It IS, however, another opportunity for you to really show them that youre the best person for the jobyou are the perfect candidate!
The first interview was the warm up.
Odds are in your first interview you met with someone from human resources or a hiring manager and was probably more of a broad screening to weed out the last of the unsuitable candidates.
The second is the big leagues which means your second interview will probably be conducted by someone a little higher upor even a LOT higher up.
You can almost guarantee that this interview will be much more in depth and very well might include introductions to other key members within the business including superiors, senior managers, and even possibly fellow teammates.
A second interview is a bit more seriousthink of it as a second dateon steroids.
Know Your Field Of Interest As Well:
The interviewers are there to confuse you about what you want to do. As it is your first interview, they would certainly ask you about your future plan so you should be sure of what you want to do. Also you should tell them your field of interest. Let them know everything you know about your own field in the interest you carry for the same.
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Tell Me About Yourself
Most interviews start with this question and how you answer it will make your first impression. If you stumble over the answer and arent quite sure what to sayyoure lack of confidence in yourself is showing. If you start listing all your greatest accomplishments and talk too much, your ego might look a little too big. You need to find a good balance between being confident, but not pretentious.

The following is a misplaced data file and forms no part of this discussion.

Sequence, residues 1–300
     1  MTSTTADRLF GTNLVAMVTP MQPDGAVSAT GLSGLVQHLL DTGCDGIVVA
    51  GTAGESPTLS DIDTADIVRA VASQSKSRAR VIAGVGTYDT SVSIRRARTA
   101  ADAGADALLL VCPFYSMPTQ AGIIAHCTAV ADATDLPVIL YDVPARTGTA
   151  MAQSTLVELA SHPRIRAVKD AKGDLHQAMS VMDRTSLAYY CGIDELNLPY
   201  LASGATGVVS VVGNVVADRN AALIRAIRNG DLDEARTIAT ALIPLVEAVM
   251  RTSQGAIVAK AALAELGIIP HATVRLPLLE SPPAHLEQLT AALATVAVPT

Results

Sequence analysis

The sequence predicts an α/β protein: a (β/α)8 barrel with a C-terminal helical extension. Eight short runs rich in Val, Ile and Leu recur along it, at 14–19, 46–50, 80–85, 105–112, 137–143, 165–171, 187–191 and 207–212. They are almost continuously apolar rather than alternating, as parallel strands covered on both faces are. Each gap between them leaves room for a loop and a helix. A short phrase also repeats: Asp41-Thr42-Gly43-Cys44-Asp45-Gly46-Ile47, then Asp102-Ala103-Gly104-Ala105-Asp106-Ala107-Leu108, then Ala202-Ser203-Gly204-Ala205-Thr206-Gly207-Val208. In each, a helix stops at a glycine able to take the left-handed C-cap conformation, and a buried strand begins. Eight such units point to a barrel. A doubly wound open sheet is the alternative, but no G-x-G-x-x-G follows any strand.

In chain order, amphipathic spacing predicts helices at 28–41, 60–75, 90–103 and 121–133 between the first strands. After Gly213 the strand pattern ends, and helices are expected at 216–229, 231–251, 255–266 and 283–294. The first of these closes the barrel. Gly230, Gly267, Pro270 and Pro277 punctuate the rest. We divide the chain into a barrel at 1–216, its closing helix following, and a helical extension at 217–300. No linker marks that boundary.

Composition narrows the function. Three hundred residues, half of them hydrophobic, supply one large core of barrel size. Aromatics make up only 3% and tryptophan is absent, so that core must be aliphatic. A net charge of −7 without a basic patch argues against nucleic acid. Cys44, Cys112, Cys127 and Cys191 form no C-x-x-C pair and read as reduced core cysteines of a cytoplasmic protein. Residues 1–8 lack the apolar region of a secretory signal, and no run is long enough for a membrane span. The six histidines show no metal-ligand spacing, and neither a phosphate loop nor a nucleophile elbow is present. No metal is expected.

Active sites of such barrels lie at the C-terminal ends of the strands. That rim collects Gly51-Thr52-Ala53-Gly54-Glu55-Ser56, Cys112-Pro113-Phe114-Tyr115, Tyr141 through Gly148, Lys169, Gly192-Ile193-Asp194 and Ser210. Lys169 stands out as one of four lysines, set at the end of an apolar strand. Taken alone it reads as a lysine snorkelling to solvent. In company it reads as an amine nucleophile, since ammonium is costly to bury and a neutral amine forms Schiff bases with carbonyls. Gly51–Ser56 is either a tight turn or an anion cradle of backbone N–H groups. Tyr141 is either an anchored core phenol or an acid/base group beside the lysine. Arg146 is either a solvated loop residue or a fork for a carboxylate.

The best way to prepare for this question is to prepare an elevator pitch about who you are. Skip your personal history and give about 2-3 sentences about your career path and how you ended up in this interview, applying for this job. You dont need to be too detailed, there are plenty of more questions coming. You just want to leave enough curiosity that the interview becomes excited to learn more about you throughout the interview.
Reflect On Your Accomplishments
Now that you have a bit of an idea of what youll need to cover, spend a little time reflecting on your achievements. During an interview, youll want to show the hiring manager you have what it takes to excel. Typically, that means discussing a relevant accomplishment.
Ideally, you want to identify key moments in your career that showcase you as a great fit. As you reflect, write down the ones that stand out most and that show that you possess the skills and qualities you found on the job description. Those are the accomplishments you want to work into your answers.
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Practice Answering Questions Using The Star Method
During your interview, you’ll be required to answer questions about your skills and interest in the position. However, you may be asked behavioral questions to test your situational awareness, so you’ll need to practice answering questions using the STAR method that will turn your responses into a storytelling format that’s easy to follow. You’ll need to gear your answer to success during your academic career since you’re applying for your first job.
Let’s take a look at each step of the STAR method using an example of a student who’s underscoring their experience while in school:
Describe the challenge you encountered in school and important details the interviewer should know about.
Example:“In my current role as the President of our school’s French club, our club needed to hit our fundraising goal for our club’s trip to Paris in the Summer. Our high school gave us tight deadlines, which lead to feelings of stress on my end.”
Tell the interviewer about your responsibility that helped you rise above the challenge.
Example:“My role is to ensure that we schedule events in the community that help us fundraise and we’re given three months to raise $5,000.”
Explain the strategy you took to complete the goal you set out to finish by the deadline.
Define the outcome reached based on the actions you took. Use numbers and explicit examples to showcase your results when possible.
Reread Your Resume Or Application